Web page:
Rep. Jane Harman Reflects On Career Earlier this month, Rep. Jane Harman (D-CA) announced that she was resigning to become president of the Woodrow Wilson International Center for Scholars. During her 17-year career, she worked on a variety of issues, but her main focus was intelligence. Host Guy Raz talks to the congresswoman about what she learned as the ranking Democrat on Homeland Security's Subcommittee on Counterterrorism and Intelligence.
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Rep. Jane Harman Reflects On Career

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Rep. Jane Harman Reflects On Career

Rep. Jane Harman Reflects On Career

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GUY RAZ, host:

We're back with ALL THINGS CONSIDERED from NPR News. I'm Guy Raz.

Jane Harman was first elected in Congress in 1992. And over the course of her career, she became one of the top experts on matters of intelligence and national security. But after 17 years in office, she's leaving.

She'll become the head of the Woodrow Wilson Center for International Scholars. And when I sat down with her to ask why she's stepping down now, she said part of the reason was simple: It's just less fun to be a member of Congress these days.

Representative JANE HARMAN (Democrat, California): I first was a staffer in the Senate working for a California senator in the '70s during the Nixon impeachment. And I know this probably sounds bizarre to listeners, many of whom weren't born then, but during the Nixon impeachment, things worked.

The Congress was functioning on a bipartisan basis. He had a quite able Cabinet in many positions. The basic environmental laws were passed at that time. The impeachment resolution was bipartisan. Nixon resigned before he could be convicted by the Senate.

Segue from the early '70s to now. It's unimaginable that things could work, as well as they did 30 years ago.

RAZ: You have focused on intelligence issues, terrorism over the course of your career. Looking now at what happened in Egypt, now in Libya, how do you think it's been handled by U.S. policymakers? Do you think that the intelligence community has served the president well?

Rep. HARMAN: I have obviously been wrestling with that question for a while. I've traveled to all of these countries over the years. I've met with Gadhafi in his tent in Surt, Libya, in years back and did find him to be a very strange fellow at the time. I think he's become even stranger.

I don't know that exactly in this way, this chain of events could have been predicted. Surely, it's a wake-up call that our intelligence needs to pay a lot more attention to social media. The power of social media has been clearly demonstrated here.

RAZ: Not to bash the intelligence community, but, of course, it was criticized in the 1980s for failing to predict the collapse of the Eastern Bloc and the Soviet Union. It seems similarly, in this situation, the intelligence communities have failed to anticipate any of this. It seems surprising, given how good we are told American intelligence agencies are.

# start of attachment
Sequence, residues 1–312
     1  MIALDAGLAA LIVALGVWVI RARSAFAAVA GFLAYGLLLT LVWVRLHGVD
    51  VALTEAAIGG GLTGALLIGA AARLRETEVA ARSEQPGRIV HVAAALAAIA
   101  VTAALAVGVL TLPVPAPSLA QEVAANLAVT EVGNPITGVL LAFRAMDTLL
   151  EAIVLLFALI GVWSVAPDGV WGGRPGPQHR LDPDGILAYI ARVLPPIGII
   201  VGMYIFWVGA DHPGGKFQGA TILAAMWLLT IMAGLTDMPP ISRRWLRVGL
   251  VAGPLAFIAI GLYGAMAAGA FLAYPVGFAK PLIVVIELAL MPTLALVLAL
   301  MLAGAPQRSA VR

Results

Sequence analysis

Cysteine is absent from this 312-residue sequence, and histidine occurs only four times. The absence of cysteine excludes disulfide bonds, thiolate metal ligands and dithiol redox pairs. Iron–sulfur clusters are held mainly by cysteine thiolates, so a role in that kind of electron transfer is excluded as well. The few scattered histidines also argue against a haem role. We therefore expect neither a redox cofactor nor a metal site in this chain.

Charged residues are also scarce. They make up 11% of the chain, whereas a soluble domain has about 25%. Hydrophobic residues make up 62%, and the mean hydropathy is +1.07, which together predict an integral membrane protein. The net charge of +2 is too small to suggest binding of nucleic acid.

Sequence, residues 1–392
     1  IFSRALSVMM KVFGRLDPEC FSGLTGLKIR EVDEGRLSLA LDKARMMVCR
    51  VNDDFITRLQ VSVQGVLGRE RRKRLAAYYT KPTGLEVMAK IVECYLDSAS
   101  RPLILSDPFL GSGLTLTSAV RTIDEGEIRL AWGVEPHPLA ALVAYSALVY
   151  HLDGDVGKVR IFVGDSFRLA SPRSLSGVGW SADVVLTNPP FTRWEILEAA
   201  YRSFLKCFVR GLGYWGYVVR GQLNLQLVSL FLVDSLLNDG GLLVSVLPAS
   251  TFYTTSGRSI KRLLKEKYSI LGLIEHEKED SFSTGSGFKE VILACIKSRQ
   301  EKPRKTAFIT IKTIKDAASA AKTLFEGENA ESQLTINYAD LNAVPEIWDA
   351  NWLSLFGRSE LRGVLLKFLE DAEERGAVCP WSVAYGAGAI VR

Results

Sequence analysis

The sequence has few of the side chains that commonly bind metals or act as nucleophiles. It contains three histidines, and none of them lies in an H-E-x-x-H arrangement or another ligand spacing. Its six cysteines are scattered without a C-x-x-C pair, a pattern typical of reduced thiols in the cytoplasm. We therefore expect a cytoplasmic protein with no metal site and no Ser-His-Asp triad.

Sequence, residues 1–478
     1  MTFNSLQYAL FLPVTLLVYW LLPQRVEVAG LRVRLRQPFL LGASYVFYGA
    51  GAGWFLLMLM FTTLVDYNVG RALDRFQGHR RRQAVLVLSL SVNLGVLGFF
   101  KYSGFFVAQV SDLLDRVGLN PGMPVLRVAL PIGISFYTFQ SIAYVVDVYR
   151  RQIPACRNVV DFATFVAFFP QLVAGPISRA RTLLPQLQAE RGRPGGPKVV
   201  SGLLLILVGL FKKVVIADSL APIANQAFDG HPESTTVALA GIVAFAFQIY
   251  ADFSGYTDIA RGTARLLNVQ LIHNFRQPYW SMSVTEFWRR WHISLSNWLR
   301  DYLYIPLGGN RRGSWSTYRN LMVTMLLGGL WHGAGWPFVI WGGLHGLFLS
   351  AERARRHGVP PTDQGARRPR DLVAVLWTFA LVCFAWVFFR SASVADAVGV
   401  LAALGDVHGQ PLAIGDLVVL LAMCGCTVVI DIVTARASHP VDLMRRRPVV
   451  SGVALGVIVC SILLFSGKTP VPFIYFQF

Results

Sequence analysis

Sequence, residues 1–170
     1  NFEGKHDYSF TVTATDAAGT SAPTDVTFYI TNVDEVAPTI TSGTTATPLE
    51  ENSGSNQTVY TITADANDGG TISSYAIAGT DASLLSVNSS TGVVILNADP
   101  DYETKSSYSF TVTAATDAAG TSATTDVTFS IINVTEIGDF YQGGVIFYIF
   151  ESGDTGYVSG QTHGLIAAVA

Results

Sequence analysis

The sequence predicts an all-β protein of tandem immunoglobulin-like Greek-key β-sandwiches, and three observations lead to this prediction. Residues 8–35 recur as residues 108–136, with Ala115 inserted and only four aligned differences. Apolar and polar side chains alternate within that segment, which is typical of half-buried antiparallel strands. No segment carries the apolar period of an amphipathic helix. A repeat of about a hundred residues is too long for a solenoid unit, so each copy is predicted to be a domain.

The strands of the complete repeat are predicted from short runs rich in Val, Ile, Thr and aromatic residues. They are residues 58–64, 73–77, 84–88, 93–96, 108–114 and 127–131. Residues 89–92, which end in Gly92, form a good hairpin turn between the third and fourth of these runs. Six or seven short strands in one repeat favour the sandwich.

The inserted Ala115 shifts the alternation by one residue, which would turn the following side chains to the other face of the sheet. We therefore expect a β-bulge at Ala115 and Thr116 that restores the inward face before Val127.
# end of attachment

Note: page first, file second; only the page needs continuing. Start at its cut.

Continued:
Rep. HARMAN: I think the intelligence community is much better at tactical intelligence than it is strategic intelligence. It's pretty good now, especially with what we call technical means, at knowing who's coming over the next hill. But it's not good at thinking about, over time, how leadership in various countries is boxing itself in and how the tone-deaf leadership, for example of a Mubarak, could possibly spawn, as quickly as it did, a successful uprising in 18 days.

RAZ: What about intelligence sharing? You were critical. You've long been critical of it, saying that there hasn't been enough of it. Has that changed?

Rep. HARMAN: Horizontal sharing of information across the federal government is much better. Vertical intelligence sharing between the federal government and the local law enforcement is still a challenge. And there are reasons that it doesn't happen well enough.

One is that we over-classify information. By doing that, if a local cop on the beat doesn't have a security clearance, he can't read it. Future attacks are likely to be in places like Tucson, Arizona, or Los Angeles, California, and we really have to empower local law enforcement and local communities to look for strange things.

RAZ: What will you most miss about being a member of Congress?

Rep. HARMAN: I'll miss the people. And they have supported me over the years on a bipartisan basis. I could not have had the 25-point victory I had in November if every mayor in this district, half of them Republican, and business leaders and environmentalists and pro-choice advocates and a range of other people hadn't been out there in force. So I'll miss them.

I will also miss my colleagues in Congress, many of whom have become dear friends. Some were dear friends before I even entered Congress. And I will miss - well, I won't miss it. I was going to say I'll miss the policymaking process. I won't miss it because I think the Woodrow Wilson Center is an even better platform at this point, at least for me, in terms of helping to make strong bipartisan policy on issues that are central to the threats we face.

RAZ: That's Congresswoman Jane Harman. She's stepping down as the representative from California's 36th congressional district after serving in the House for 17 years. She'll become the president of the Woodrow Wilson International Center for Scholars.

Jane Harman, thanks and good luck.

Rep. HARMAN: Thank you, Guy. When I hear you, I think of Dan Schorr, our mutual friend. He is much missed in the Harman family. I'm sure he's missed in the NPR audience.

RAZ: He is, indeed. Thank you so much.

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